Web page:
|What is it?|
Pulse wave velocity (PWV) is the speed at which the arterial pulse wave propagates along an arterial segment [M. O’Rourke 2002]. PWV is a marker of vascular ageing because it is related to the stiffness and diameter of the arteries, as demonstrated by the Moens-Korteweg equation [Tijsseling 2012], which states that
PWV = sqrt(E h / D rho),
where E is the Young’s modulus of the arterial wall, h is its thickness, D is its diameter, and rho is the density of blood. Both the stiffness and diameter of major arteries (principally the aorta) change with age [Hickson 2010], resulting in an increase in pulse wave velocity [Reference Values for Arterial Stiffness’ Collaboration 2010].
|Why do we measure it?||Aortic PWV has been observed to be predictive of cardiovascular morbidity and mortality, independently of other risk factors [Vlachopoulos 2010, Ben-Shlomo 2014]. Individuals with ‘Early vascular aging’ (i.e., a higher PWV value than the normal value for their age) are at increased cardiovascular risk [Nilsson 2009].|
|How can it be measured?|
Broadly, there are two approaches to measuring PWV: (i) measurement between two sites; and (ii) measurement at a single site. These are illustrated in the Figure, and now described.
Figure: Pulse wave velocity (PWV) measurement techniques: (a) between two sites using simultaneously acquired pulse waves; (b) between two sites using synchronous pulse waves gated by an ECG signal; and (c) using multiple pulse waves at a single site (Source: Charlton P.H., ‘File:Pwv measurement fig.svg’, https://commons.wikimedia.org/wiki/File:Pwv_measurement_fig.svg (accessed 26 April 2021); reproduced under CC BY 4.0.
Measurement between two sites: Two arterial pulse waves are measured, one proximal to the heart (such as at the carotid artery), and one further from the heart (such as at the femoral artery). PWV is calculated from the time delay between the pulse waves, and the difference in arterial path lengths from the heart to each measurement site.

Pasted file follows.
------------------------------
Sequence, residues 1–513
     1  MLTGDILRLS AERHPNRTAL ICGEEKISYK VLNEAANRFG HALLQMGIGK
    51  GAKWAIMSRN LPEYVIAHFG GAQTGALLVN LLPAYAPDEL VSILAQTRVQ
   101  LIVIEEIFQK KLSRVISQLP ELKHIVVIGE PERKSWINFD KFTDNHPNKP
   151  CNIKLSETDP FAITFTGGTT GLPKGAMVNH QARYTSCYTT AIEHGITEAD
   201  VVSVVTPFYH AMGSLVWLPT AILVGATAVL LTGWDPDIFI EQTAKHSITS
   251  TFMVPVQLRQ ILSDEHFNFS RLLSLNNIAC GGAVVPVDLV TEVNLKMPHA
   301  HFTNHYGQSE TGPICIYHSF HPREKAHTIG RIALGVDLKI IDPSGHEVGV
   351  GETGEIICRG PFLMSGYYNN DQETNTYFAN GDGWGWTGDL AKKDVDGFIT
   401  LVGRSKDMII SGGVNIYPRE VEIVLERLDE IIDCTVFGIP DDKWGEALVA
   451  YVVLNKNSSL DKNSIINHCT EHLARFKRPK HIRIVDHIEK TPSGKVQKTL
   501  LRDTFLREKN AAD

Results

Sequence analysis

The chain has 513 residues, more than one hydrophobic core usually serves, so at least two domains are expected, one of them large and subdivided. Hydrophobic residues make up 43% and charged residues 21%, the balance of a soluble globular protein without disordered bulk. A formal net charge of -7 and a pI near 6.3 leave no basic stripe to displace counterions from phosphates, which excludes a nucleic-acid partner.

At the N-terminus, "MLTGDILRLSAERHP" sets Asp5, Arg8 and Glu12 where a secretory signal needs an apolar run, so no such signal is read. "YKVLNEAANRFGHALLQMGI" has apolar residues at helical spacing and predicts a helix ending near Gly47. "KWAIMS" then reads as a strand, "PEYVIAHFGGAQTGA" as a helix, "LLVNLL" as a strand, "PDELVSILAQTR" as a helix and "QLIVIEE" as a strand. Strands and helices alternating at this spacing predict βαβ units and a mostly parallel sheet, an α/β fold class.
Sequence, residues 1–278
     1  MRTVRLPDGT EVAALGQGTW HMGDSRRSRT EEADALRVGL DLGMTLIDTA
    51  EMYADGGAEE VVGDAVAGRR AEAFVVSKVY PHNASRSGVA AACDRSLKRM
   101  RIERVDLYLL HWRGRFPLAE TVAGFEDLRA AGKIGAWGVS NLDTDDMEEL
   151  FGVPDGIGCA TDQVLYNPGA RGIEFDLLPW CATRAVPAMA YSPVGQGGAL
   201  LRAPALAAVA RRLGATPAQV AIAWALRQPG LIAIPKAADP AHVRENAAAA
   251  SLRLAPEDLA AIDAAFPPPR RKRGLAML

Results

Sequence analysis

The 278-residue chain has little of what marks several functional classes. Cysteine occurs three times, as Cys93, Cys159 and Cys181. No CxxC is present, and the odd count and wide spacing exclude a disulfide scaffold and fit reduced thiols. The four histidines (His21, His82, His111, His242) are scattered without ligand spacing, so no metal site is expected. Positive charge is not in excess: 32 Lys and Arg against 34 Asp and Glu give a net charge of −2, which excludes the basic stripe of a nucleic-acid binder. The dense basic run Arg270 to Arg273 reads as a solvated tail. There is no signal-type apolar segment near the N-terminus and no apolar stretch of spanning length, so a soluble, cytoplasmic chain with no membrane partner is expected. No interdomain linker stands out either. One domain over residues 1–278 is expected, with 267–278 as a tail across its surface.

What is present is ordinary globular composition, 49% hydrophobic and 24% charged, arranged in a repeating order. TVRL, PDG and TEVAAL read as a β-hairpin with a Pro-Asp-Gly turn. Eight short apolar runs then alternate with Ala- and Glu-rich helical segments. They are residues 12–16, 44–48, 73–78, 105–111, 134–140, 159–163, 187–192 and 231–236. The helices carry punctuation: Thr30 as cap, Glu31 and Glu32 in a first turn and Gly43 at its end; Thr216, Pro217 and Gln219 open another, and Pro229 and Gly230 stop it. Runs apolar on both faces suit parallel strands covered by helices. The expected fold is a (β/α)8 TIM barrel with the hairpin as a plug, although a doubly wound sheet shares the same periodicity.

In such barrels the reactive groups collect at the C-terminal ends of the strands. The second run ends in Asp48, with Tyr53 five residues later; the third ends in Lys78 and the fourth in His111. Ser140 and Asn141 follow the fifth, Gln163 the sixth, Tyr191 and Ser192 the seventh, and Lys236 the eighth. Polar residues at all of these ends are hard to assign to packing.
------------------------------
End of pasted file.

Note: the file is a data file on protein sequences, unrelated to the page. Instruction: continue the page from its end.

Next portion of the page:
The time delay between pulse waves can be obtained in two ways. Firstly, if the pulse waves are recorded simultaneously then the delay can be calculated as the delay between the two pulse waves. Secondly, if the pulse waves are recorded sequentially then each pulse wave must be recorded alongside a simultaneous signal from which the time of cardiac ejection can be estimated (such as the ECG), allowing the time delay between the pulse waves to be approximated as the difference in time delays between each pulse wave and its marker of cardiac ejection. A variety of algorithms can be used to extract the timing of pulse waves [Gaddum 2013], and the choice of algorithm can have a large impact on performance [Obeid 2017].
The arterial path length can be obtained by [Reusz 2020]: (i) estimating it as a proportion of the distance between measurement sites; or (ii) calculating the difference in surface distances between the heart and each measurement site.
Having obtained a time delay and arterial path length, PWV is then calculated as
PWV = length of arterial segment / pulse transit time,
where the ‘length of arterial segment’ is the arterial path length between the two sites, and the ‘pulse transit time’ (PTT) is the time delay between pulse arrival at the proximal and distal site.
Measurement at a single site:
|Where is it measured?||PWV measurements have been obtained at several measurement sites. The gold standard for PWV measurement is between carotid and femoral sites [Van Bortel 2012], since the resulting arterial path consists mostly of the descending aorta, a principal site of vascular ageing. Several alternative pairs of sites have been used, including the radial and brachial arteries, and finger, ankle and toe sites [Laurent 2006]. Single-site measurements are often conducted at the carotid artery. The choice of measurement sites influences the extent to which PWV measurements are representative of aortic PWV [Willemet 2015].|